Does the First Amendment protect someone’s use of another’s copyright or trademark to make fun of them?
That question has been at the forefront of several cases involving so-called “parody” of intellectual property. Many cases have found parody of copyrighted works or trademarks protected under the “fair use” doctrine or the First Amendment or both. One of the best-known examples was a parody of the song “Pretty Woman” which the U.S. Supreme Court held was protected. Another case held that a 29-second song “When Sonny Sniffs Glue” which parodied the original “When Sunny Gets Blue” was a fair use.
A U. S. District Judge in San Francisco, Susan Illston, recently applied “fair use” principles in a lawsuit brought by radio talk show host Michael Savage. Savage went on a tirade (“Take your religion and shove it”) about Muslims and the Council on American-Islamic Relations. The Council posted his virulent remarks on its website, and Savage sued it for copyright infringement. Judge Illston gave the lawsuit savage treatment, dismissing it based upon the “fair use” doctrine and the “Oh Pretty Woman” case. See Savage v. Council on American Relations et al. She noted that the Copyright Act “expressly permits fair use for the purposes of criticism and commentary.” The same First Amendment which allows Michael Savage to rant about Muslims enables them to criticize him.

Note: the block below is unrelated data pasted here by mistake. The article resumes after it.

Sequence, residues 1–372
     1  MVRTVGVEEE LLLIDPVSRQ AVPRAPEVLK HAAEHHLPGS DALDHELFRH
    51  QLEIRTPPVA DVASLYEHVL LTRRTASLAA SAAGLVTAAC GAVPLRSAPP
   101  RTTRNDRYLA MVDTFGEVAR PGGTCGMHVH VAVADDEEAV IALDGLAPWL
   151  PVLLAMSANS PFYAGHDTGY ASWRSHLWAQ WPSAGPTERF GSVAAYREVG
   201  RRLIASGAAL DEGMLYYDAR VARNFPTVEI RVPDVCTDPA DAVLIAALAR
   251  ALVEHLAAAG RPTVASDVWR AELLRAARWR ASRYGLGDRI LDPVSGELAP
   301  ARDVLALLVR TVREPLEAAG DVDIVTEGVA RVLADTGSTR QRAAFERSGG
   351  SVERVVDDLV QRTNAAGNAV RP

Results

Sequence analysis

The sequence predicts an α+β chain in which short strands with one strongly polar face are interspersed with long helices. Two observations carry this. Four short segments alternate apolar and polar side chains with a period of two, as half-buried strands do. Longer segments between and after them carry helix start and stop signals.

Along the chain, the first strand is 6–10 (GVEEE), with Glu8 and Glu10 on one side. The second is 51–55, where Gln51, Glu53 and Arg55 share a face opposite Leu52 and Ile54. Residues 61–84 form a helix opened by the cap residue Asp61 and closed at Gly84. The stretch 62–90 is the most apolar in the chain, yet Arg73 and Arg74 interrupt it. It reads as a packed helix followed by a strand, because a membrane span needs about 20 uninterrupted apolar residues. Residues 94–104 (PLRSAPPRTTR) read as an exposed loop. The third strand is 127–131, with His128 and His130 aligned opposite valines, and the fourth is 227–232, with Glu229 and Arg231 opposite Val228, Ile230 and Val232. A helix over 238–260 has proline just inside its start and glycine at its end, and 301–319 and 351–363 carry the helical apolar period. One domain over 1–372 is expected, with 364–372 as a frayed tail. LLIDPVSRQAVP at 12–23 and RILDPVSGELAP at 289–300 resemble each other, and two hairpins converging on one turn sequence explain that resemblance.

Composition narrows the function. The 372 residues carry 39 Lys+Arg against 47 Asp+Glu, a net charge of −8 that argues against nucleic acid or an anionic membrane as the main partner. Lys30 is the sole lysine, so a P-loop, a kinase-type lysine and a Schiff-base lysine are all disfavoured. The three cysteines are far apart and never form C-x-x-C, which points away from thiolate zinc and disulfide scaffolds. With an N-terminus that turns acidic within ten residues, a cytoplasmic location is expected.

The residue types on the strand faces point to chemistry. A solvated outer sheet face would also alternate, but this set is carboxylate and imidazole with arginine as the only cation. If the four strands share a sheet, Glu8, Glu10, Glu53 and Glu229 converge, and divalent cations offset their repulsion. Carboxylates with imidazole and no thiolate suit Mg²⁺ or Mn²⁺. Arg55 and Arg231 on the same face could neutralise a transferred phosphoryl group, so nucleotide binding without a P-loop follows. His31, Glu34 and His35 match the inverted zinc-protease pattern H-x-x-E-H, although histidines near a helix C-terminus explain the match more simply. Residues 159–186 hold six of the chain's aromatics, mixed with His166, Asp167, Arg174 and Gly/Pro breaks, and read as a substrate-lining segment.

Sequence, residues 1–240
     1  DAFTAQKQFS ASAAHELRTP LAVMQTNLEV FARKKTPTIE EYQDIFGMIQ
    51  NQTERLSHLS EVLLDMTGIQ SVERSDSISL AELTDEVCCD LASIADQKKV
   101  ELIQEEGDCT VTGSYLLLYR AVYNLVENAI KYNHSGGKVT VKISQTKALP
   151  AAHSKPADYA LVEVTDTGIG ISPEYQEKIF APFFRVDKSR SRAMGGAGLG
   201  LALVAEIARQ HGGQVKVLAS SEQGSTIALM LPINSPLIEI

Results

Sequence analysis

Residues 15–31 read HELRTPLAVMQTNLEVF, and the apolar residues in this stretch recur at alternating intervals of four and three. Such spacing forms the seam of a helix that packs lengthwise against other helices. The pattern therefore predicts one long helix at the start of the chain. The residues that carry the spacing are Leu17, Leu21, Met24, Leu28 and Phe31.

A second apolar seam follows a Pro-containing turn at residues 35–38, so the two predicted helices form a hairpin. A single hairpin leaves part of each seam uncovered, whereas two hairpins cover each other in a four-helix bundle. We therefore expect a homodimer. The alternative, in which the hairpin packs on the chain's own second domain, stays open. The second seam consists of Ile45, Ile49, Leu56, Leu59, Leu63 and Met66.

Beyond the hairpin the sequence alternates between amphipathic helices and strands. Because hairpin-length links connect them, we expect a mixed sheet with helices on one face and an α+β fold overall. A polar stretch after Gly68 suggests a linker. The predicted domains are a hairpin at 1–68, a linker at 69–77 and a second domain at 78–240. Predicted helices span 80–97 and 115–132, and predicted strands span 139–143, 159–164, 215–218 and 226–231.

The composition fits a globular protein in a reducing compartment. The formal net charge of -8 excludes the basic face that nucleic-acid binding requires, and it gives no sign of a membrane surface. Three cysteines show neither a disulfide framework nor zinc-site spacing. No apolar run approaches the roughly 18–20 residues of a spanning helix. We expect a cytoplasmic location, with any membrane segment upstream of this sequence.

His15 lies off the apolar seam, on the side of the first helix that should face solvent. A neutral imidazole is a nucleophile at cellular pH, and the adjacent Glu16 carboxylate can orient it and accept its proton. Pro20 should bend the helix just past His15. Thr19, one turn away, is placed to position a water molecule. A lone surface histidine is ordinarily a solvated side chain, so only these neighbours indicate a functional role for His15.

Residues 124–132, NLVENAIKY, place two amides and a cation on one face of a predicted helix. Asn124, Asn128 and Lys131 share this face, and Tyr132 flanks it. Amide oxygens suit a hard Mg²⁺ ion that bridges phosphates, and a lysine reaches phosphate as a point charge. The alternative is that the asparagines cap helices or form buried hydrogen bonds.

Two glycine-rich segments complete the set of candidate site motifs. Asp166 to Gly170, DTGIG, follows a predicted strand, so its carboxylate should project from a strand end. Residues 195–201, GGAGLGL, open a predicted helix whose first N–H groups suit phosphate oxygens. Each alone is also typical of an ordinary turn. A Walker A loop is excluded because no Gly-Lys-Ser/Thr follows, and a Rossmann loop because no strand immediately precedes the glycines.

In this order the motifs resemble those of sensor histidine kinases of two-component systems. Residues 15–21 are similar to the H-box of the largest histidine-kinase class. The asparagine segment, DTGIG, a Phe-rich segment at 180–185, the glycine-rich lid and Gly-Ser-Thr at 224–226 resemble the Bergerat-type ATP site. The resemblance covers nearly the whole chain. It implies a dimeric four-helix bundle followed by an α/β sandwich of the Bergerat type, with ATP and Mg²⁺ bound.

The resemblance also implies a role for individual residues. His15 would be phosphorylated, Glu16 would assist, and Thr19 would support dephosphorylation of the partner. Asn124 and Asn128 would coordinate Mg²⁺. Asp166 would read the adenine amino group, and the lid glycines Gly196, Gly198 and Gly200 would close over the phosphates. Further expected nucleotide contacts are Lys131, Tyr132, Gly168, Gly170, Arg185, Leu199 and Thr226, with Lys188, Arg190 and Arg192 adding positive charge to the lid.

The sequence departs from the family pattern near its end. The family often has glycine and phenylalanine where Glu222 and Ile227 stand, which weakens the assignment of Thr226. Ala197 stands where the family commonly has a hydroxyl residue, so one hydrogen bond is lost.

Copyrights and trademarks are valuable property rights. But when someone uses them in a way which is clearly a parody or criticize, the First Amendment and the fair use doctrine should protect that use.